Sometimes in theater a role is written that seems tailor made for a given performer. Upon watching the magic that was created by Curt Olds as Ko-Ko, I have to believe that that could be true. I would liken him to comedic actors such as Jerry Lewis and Martin Short, with a voice similar to Hugh Jackman or even Joel Gray. Mr. Olds is that rare performer comfortable in both opera and Broadway. Like a siren’s call he dazzled and entertained throughout the evening and one could not help but to be entranced.
I’ve mentioned this before; our Kentucky Opera is good at finding great talent, and the chorus is not an exception. Strewn throughout its ranks are beginners and pros. Now, with that, I have to say the good with the not so good. For the most part the chorus was tight as a drum, but often I could hear solo voices, especially during the songs at the end of the first Act. There was even, what I would characterize as, some discombobulating. A few choristers missed a mark or two, but were quick to bounce back.
I adored the Japanese kimonos and the punk look, but there was one look that was out of place for the opening scenes. A chorus member looked more gypsy than punk rocker. I did notice later on that the look altered. Much better. The make-up and props were just as I would expect, although I would have loved to see a few more ornate fans. Also, I’d challenge any director to come up with some different choreography during The Mikado’s “A more humane Mikado” number with chorus.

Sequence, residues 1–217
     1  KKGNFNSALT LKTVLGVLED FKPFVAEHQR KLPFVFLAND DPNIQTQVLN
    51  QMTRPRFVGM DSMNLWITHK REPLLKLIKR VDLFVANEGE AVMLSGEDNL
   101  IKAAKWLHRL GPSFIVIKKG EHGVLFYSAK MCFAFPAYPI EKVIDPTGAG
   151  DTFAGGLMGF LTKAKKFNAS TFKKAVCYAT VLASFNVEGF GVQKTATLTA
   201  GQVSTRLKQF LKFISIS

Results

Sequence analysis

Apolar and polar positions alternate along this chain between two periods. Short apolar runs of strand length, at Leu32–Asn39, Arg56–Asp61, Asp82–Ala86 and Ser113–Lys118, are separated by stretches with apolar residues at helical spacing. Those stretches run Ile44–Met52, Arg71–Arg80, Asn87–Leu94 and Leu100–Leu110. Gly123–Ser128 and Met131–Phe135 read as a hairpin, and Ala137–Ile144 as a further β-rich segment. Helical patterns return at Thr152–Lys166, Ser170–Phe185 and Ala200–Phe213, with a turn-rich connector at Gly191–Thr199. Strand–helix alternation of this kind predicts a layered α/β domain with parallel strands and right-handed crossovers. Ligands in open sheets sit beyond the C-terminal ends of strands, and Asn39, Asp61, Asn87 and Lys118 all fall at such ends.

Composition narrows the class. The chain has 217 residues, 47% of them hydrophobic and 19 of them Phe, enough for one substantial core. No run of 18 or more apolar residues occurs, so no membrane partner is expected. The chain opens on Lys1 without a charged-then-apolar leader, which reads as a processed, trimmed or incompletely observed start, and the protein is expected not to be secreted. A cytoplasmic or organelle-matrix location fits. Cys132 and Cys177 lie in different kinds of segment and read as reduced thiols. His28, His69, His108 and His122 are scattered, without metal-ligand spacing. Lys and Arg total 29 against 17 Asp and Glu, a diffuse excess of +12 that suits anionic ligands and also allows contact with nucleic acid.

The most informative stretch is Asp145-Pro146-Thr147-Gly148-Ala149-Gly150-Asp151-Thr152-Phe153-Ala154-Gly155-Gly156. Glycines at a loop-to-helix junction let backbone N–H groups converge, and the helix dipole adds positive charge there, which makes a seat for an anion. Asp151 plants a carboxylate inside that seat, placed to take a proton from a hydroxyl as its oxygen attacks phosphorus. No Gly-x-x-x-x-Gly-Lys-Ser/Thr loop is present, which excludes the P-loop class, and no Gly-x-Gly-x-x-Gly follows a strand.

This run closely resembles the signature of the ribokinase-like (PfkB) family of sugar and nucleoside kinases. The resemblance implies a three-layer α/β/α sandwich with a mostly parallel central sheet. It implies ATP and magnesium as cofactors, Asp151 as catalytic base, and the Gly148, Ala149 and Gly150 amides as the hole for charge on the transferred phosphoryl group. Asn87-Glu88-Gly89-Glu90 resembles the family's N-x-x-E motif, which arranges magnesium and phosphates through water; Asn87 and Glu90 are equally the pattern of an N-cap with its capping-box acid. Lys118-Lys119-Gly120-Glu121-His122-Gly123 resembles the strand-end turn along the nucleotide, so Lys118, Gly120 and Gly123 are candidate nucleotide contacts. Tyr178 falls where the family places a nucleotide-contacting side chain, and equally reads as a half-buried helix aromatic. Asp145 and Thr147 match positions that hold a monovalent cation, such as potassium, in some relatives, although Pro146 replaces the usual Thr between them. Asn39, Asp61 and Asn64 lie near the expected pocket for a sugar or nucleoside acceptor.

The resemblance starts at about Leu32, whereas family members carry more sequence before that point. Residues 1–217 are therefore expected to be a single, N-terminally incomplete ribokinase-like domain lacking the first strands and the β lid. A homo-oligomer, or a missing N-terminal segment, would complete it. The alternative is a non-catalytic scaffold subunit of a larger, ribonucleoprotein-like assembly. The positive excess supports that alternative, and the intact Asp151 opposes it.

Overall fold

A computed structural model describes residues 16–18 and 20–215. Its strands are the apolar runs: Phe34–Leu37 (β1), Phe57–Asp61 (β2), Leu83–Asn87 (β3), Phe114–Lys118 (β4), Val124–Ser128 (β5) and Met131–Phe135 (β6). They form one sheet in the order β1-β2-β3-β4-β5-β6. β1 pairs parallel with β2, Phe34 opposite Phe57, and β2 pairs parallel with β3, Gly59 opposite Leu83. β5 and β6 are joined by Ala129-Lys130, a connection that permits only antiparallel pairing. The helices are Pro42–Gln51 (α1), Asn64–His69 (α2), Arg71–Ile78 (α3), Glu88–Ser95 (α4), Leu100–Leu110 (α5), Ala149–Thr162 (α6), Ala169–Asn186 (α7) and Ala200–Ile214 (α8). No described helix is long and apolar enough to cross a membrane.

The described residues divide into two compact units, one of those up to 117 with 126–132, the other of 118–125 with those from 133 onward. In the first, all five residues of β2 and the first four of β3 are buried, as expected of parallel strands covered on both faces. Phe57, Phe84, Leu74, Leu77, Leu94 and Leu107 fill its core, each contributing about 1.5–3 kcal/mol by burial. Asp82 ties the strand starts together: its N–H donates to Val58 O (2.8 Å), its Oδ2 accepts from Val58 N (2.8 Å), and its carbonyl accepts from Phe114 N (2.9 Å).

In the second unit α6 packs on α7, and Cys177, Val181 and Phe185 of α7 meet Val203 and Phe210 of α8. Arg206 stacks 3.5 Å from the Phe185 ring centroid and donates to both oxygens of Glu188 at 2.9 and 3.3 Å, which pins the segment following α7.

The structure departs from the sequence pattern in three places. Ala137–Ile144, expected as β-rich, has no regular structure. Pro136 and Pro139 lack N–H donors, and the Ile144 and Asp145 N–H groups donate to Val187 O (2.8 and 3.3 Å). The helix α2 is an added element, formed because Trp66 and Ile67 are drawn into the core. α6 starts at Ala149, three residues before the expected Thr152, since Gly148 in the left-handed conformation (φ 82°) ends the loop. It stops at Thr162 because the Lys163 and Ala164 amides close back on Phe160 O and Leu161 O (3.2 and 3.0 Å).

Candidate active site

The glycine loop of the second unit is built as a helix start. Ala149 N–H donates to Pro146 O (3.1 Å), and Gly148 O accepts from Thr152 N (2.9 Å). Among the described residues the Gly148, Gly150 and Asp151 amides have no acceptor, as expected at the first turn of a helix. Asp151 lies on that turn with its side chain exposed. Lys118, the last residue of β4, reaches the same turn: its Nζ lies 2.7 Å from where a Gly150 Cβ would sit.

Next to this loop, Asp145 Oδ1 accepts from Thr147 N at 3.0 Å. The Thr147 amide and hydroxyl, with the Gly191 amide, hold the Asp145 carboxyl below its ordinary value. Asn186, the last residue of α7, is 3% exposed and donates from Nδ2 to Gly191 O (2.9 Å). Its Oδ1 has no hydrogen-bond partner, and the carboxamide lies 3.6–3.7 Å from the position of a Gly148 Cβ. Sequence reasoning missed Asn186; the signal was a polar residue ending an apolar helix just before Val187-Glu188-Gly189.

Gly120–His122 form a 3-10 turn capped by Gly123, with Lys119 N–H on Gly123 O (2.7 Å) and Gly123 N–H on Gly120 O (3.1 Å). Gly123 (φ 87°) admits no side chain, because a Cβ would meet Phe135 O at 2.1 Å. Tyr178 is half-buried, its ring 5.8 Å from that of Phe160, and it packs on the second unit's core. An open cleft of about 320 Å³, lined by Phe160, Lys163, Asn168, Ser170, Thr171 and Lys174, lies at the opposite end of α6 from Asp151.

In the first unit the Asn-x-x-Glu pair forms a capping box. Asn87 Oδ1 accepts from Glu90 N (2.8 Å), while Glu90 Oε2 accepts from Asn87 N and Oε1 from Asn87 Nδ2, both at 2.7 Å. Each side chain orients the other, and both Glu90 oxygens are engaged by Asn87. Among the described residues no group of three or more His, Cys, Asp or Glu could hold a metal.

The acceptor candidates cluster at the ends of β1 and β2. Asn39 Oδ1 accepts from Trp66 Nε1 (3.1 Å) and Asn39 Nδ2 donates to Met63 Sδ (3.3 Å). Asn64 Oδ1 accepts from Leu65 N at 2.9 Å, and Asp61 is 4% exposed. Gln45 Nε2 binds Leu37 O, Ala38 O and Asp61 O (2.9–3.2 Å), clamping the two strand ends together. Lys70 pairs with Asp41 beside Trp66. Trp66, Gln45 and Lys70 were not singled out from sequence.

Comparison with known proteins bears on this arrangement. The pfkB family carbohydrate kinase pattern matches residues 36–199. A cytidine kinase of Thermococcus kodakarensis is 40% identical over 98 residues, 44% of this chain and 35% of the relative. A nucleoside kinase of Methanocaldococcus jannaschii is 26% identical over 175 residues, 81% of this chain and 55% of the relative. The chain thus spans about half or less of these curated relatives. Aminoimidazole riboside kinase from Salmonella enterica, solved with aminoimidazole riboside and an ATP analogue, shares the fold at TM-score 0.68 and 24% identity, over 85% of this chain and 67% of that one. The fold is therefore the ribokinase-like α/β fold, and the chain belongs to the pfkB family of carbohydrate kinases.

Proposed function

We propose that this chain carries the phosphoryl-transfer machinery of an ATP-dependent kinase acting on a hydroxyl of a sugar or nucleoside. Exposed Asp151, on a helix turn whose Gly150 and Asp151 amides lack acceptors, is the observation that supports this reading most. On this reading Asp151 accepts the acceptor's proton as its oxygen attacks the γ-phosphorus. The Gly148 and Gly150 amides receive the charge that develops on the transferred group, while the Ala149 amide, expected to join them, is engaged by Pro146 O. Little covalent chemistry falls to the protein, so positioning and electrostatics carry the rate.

A few patrons, opera lovers, and performers asked me after the performance what I thought and unflinchingly I said the following: easily among the top 5 Mikados that I have either seen or been in. While Katisha says that “it takes years to train a man to love me”, it takes a far less amount of time to fall in love with this Mikado. A wonderful way to end the Kentucky Opera’s 2016-2017 season.
February 10 & 12, 2017
W.L. Lyons Brown Theatre
315 West Broadway
Louisville, KY 40202
Annette Skaggs is heavily involved as an Arts Advocate here in Louisville. She is a freelance professional opera singer who has performed throughout Europe and in St. Louis, Cincinnati, Boulder, Little Rock, Peoria, Chicago, New York and of course Louisville. Aside from her singing career, she has been a production assistant for Kentucky Opera, New York City Opera, and Northwestern University. Her knowledge and expertise have developed over the course of 25+ years’ experience in the classical arts.